The materials used in the house—concrete blocks and oak floors—are modest, and the detailing is very simple and often workmanlike. The white concrete block walls were repainted in Benjamin Moore’s Chantilly Lace during the renovation.
The built-in sofa anchors the living room and faces the existing fireplace. The Leather Oval Chair with a red steel base sits off to the side, and the coffee table was fashioned by attaching vintage steel legs to another tile sample board.
Plenty of natural light comes in via the rear glass wall.
The living room, located adjacent to the dining area, leads to the backyard.
Homeowners Luciano Bedoya and Liya Moya worked with interior designer Augusta Pastor on the furnishings. The Ghost sofa is by Paola Navone for Gervasoni, the Beni Ourain rug is from Mascarpone Originale, the About A Lounge 92 chair is by Hay, and the coffee table is by Primas.
The wood-wrapped alcove produces "an intimate space for the sofa," says Preda, and seamlessly integrates the support pillars into the design.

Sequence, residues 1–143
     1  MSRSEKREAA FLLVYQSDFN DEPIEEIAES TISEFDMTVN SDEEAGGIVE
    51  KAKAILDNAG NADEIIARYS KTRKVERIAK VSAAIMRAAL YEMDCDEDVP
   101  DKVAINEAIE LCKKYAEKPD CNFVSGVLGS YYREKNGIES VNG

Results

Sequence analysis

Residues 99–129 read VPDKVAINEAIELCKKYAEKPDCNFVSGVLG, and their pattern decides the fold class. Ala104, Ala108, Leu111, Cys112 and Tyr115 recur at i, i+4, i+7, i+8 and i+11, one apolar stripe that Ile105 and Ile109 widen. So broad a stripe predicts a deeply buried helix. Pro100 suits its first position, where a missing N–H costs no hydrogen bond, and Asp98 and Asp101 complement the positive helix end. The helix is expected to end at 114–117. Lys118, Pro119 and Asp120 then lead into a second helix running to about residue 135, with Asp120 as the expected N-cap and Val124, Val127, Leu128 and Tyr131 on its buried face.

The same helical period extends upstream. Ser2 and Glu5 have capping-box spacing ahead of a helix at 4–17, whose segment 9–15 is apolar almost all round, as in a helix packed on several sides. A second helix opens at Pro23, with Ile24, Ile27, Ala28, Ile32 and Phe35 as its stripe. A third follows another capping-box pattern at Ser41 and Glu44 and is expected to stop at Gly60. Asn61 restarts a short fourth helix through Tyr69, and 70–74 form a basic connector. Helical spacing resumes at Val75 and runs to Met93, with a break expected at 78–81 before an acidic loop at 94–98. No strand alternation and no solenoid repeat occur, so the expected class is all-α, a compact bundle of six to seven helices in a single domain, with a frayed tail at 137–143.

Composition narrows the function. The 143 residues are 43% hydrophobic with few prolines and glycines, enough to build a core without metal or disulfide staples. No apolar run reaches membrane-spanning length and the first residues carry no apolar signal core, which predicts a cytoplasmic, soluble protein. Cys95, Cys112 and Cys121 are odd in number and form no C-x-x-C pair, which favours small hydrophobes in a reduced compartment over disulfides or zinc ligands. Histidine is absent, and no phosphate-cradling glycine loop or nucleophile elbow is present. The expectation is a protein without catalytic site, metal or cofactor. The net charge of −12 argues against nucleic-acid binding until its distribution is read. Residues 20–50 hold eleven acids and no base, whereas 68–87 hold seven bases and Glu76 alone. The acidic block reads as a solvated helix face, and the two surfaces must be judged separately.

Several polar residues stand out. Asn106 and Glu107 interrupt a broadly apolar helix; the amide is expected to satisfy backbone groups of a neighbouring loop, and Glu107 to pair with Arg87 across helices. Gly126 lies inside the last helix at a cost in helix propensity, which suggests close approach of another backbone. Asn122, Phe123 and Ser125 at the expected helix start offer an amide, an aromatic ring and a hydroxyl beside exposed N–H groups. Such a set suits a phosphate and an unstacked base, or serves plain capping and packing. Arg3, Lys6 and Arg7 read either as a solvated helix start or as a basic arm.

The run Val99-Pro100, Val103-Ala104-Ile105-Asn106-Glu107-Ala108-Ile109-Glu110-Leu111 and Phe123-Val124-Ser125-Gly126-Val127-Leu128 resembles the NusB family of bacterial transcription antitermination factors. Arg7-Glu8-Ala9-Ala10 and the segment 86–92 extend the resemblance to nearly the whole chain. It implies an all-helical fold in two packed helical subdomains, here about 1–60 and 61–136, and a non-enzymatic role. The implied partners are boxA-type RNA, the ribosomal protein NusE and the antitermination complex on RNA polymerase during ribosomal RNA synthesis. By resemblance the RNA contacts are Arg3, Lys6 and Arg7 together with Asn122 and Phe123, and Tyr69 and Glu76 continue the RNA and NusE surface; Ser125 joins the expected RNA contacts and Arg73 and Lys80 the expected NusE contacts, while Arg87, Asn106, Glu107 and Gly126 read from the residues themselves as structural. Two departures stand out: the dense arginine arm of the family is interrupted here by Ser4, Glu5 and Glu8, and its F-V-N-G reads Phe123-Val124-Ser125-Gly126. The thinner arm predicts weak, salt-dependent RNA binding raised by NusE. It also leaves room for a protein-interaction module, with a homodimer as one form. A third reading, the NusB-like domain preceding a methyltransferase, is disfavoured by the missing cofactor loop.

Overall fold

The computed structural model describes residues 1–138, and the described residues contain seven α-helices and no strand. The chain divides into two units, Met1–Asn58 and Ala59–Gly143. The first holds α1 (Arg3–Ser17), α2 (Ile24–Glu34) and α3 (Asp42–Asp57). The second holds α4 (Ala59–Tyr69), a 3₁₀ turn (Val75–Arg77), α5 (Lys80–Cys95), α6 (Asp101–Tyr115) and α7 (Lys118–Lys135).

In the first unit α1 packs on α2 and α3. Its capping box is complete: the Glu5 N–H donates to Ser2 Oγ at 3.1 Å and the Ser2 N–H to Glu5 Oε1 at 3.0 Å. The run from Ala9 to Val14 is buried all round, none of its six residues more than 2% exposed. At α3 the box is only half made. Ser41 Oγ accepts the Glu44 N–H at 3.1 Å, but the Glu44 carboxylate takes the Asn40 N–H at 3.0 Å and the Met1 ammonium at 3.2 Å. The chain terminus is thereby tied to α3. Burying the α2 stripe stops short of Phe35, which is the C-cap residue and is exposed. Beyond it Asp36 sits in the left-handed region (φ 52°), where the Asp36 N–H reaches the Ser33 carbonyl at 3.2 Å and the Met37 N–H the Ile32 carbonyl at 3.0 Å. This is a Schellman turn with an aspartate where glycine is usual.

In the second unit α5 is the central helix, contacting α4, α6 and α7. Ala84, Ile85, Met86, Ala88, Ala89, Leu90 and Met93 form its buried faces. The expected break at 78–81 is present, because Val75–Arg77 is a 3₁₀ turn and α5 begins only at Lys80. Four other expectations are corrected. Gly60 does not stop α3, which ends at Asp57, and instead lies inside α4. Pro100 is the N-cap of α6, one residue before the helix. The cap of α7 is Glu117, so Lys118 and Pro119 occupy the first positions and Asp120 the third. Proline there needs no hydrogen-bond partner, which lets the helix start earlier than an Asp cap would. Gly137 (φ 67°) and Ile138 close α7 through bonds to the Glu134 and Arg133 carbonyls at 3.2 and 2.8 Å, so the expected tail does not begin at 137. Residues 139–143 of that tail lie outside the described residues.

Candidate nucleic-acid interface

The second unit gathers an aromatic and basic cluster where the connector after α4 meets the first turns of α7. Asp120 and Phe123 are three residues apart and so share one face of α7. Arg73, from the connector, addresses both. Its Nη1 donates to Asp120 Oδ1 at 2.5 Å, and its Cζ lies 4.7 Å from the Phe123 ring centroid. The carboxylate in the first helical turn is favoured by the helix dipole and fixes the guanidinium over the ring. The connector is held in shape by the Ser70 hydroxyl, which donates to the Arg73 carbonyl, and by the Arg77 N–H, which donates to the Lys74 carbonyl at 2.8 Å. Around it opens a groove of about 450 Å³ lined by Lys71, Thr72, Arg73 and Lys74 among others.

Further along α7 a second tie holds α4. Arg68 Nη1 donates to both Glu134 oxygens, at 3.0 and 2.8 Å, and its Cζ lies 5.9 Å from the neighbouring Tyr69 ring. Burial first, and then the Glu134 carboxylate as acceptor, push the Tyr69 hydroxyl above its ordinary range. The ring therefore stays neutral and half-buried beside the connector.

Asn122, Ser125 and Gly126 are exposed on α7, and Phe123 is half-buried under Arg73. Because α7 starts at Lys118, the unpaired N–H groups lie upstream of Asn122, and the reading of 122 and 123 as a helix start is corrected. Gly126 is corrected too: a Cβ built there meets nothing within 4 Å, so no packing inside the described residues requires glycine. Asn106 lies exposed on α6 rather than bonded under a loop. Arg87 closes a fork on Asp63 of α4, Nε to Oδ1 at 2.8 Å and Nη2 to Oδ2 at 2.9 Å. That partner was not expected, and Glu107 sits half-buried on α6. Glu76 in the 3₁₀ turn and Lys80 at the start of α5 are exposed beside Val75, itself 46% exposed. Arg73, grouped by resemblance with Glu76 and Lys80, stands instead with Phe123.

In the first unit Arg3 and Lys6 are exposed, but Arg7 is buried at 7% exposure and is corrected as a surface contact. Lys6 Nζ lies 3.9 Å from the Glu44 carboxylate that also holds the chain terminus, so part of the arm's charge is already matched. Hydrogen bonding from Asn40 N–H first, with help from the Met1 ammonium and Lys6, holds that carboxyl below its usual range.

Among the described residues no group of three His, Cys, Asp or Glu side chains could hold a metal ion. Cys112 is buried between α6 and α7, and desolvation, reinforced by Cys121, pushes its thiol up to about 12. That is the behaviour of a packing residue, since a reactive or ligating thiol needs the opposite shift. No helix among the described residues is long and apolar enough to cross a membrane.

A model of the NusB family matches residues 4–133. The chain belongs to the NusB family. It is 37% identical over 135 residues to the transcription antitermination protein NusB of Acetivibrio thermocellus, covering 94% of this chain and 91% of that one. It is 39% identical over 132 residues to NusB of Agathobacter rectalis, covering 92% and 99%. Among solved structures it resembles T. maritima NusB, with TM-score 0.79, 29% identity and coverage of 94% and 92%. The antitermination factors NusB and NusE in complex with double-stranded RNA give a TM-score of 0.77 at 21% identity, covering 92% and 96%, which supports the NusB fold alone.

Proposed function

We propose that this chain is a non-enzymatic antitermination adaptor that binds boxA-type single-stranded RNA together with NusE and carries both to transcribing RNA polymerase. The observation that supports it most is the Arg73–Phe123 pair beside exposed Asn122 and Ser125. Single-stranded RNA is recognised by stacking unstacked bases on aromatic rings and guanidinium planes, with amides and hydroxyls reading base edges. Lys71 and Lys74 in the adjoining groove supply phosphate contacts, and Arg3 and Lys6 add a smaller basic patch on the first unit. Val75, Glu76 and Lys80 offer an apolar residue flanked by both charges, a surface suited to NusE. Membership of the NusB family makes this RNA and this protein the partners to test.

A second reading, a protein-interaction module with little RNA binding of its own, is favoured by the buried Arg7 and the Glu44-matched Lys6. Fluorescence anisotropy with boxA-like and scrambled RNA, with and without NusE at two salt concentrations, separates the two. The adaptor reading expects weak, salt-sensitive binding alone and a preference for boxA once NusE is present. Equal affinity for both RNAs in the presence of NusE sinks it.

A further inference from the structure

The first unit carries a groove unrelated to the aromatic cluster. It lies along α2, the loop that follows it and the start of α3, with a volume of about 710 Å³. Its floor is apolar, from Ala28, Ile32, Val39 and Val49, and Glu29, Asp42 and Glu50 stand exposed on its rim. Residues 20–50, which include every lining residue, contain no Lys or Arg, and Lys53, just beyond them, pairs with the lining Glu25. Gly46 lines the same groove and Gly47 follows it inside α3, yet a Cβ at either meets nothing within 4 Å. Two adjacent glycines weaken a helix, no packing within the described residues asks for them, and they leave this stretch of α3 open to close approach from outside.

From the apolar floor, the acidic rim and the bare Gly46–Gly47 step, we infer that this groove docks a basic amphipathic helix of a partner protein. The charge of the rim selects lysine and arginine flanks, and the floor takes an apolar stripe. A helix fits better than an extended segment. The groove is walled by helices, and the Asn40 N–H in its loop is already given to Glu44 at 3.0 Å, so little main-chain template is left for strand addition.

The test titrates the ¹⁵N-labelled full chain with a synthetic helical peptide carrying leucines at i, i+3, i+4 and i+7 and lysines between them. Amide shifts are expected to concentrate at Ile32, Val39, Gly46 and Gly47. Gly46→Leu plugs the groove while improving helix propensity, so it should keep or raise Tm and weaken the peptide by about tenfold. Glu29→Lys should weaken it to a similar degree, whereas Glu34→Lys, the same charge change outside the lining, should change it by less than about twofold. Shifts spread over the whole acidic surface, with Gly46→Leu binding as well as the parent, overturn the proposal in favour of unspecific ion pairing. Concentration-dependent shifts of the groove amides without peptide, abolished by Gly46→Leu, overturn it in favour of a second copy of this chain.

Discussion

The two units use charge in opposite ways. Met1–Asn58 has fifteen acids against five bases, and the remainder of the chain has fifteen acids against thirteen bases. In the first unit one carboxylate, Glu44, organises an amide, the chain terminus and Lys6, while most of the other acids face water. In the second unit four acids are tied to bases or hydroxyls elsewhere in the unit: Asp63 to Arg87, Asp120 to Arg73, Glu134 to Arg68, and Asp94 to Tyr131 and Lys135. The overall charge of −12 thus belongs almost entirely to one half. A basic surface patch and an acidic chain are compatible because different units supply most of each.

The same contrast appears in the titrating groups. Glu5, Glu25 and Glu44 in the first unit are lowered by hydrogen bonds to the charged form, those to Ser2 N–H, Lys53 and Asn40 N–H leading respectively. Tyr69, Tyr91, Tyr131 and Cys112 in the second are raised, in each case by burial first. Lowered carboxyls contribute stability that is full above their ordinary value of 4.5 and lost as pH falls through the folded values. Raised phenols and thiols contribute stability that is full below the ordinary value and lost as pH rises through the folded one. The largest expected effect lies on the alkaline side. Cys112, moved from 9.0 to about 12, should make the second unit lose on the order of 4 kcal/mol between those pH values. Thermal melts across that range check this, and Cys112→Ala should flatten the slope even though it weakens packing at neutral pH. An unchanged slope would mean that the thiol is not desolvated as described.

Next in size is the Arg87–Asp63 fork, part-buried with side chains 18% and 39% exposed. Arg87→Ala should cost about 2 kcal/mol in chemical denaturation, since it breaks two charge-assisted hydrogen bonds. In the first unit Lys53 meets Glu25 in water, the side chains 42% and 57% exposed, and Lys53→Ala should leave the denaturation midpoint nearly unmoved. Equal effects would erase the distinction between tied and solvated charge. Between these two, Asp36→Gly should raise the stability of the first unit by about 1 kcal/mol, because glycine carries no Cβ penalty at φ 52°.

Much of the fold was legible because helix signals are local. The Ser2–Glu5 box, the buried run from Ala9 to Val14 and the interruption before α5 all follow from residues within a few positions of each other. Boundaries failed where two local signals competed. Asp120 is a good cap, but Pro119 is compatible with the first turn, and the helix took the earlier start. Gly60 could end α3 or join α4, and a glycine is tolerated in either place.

Boiserie panels made of zebrawood create a cozy nook in the main living area and also form a picture rail to display the client’s art collection.
Preda elegantly reallocated the space to contain a side-by-side living room and dining room area, with the latter defined by a custom Cor-Ten steel and zebrawood bookcase designed by the firm. The dining table is by Alepreda for miduny, the firm’s sister furniture company. The fireplace is an ethanol model, since incorporating a chimney wasn’t possible in the building.
The home’s main living area features cathedral ceilings and a large loft overhead. The space is divided by a stone fireplace and built-ins that lead to the kitchen.
For this Eichler remodel, the objective was to respect the original bones with more thoughtful updates than what had come before. "Our goal was to design a beautiful mix of finishes that respected the timeless design intention of Eichler homes," say Sommer and Costello. "Rather than focus purely on historical renovation, we wanted to update the finishes and layout to ensure it lives on for the next generation."